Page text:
One need not be a fine artist to appreciate an AIDS memorial. Yet West Hollywood's Fine Arts Advisory Board seems to have disregarded everything it could possibly understand about the beauty of art in their approach to Robert Bell's AIDS memorial.
Art comes from within, and seeks to emanate to others. Often it educates and empathizes all at once. And it is always deeply connected to the creator's own self, whether or not he is an artist.
Surely Bell has shown all of these qualities in his attempt to form a monument dedicated to the victims of AIDS. The arts council appears more concerned with its own power status than with the healing process of the victims of this growing epidemic. One can easily foresee a long and drawn-out competition for a "winner" of this commission, while many suffer in silence, with nothing to look to as a source of relief. Bell has taken the first steps, and whether or not there are better, more aesthetic versions possible, surely none can be more sincere or legitimate.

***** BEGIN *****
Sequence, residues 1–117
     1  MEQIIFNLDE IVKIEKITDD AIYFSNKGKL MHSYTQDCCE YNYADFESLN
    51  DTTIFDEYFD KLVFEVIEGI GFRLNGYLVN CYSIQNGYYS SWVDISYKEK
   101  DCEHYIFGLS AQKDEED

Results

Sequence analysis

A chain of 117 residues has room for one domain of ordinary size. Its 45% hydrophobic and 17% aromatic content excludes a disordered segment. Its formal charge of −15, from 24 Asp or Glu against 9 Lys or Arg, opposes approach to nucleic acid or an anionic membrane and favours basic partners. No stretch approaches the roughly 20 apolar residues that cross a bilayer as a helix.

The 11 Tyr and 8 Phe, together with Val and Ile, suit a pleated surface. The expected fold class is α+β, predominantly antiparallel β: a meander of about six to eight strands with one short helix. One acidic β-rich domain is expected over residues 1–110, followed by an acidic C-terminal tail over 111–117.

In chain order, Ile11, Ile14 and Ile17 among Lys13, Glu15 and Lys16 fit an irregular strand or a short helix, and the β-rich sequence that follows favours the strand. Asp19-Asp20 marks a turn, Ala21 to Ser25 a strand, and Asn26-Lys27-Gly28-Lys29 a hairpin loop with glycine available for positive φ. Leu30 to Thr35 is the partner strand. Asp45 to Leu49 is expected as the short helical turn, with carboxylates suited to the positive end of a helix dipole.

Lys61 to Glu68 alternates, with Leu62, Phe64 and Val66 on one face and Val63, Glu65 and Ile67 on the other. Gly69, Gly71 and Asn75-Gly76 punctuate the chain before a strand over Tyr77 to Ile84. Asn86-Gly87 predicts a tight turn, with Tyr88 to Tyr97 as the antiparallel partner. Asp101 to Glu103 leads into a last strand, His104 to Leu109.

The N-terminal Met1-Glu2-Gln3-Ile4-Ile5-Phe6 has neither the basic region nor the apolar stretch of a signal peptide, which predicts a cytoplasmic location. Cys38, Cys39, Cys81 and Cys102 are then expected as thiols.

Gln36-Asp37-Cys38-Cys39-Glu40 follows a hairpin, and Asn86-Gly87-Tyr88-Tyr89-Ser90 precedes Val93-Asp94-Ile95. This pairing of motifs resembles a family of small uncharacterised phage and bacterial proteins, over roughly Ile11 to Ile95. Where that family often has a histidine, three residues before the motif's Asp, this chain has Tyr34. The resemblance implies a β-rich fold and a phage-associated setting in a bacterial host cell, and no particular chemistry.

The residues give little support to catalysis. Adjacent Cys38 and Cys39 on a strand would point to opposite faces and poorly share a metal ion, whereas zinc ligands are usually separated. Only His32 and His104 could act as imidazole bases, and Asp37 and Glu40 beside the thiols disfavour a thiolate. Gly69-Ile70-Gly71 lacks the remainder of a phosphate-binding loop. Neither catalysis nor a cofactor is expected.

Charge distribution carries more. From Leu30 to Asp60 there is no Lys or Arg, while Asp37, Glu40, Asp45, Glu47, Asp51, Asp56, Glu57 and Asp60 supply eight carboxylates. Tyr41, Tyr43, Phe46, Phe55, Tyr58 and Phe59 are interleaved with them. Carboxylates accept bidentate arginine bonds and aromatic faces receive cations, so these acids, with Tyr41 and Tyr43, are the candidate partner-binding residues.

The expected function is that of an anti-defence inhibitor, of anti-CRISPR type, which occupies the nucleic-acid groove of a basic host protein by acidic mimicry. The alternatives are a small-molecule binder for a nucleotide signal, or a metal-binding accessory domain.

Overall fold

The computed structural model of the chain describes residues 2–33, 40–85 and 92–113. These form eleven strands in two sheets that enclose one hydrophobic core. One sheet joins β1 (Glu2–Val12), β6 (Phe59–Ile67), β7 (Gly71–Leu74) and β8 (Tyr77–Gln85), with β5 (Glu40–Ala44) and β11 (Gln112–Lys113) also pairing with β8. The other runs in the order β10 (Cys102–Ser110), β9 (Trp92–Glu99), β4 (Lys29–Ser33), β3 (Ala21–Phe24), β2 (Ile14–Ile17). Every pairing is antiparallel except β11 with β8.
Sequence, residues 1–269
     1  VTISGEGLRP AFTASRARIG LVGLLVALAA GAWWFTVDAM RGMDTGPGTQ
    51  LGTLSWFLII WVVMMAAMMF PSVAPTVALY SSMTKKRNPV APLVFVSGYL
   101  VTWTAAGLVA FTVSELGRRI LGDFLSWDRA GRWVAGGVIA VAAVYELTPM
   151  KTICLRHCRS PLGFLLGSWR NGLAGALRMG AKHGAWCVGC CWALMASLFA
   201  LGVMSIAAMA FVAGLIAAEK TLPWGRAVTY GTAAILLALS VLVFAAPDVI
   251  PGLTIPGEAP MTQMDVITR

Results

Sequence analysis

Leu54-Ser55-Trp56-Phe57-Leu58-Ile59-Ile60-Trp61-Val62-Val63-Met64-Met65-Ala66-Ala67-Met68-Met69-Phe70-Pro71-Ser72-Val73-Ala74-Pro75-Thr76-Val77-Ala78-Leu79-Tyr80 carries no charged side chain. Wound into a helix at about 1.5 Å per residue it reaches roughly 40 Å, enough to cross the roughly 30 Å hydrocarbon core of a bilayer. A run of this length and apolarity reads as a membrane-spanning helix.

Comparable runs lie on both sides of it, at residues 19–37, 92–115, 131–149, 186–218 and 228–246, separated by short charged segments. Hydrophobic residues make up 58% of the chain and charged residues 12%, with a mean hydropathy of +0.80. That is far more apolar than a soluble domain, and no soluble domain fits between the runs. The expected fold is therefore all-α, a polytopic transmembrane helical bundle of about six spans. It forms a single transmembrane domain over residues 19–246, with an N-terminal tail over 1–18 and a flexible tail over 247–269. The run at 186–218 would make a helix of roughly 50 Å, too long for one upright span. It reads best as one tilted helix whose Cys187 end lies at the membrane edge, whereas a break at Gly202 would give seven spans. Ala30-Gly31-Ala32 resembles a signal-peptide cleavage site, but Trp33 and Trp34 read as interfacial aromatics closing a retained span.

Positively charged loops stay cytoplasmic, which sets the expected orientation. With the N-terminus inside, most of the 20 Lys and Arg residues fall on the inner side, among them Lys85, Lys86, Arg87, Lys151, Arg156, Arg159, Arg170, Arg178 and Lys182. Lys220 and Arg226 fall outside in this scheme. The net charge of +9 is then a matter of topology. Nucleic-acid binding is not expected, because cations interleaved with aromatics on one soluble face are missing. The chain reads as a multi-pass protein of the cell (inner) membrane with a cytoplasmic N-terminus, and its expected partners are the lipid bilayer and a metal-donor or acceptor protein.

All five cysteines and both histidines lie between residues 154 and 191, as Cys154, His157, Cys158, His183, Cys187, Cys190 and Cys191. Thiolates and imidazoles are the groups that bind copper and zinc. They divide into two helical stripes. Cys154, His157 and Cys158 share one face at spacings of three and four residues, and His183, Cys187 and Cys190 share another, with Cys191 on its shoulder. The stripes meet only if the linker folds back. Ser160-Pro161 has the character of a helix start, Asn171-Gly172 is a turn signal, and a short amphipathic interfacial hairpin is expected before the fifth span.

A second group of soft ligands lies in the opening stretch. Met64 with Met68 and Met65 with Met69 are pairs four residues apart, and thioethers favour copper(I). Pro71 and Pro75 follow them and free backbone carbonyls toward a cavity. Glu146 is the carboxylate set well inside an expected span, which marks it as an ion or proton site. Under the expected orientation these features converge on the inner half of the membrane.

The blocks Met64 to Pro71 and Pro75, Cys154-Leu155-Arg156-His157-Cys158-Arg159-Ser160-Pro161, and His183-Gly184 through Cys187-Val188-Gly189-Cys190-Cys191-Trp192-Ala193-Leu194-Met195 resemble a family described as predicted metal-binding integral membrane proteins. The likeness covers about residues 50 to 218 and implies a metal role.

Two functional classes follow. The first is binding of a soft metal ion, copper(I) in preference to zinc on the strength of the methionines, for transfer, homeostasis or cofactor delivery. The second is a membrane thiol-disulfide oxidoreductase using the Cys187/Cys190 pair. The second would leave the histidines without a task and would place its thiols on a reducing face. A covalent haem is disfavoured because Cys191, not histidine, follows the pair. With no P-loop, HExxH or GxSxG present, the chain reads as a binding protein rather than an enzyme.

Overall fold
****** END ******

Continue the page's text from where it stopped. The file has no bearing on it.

Arts board Vice Chairman John Christofferson's statement, "I don't think we want to be upstaged by an AIDS memorial in Kalamazoo . . . ," explicitly demonstrates the bureaucracy that has plagued the education about AIDS thus far. Most of the thousands who flock to the Vietnam War Memorial every year are probably more concerned with having a place to heal, remember and understand than with having a place of beauty in itself, with no relation to themselves.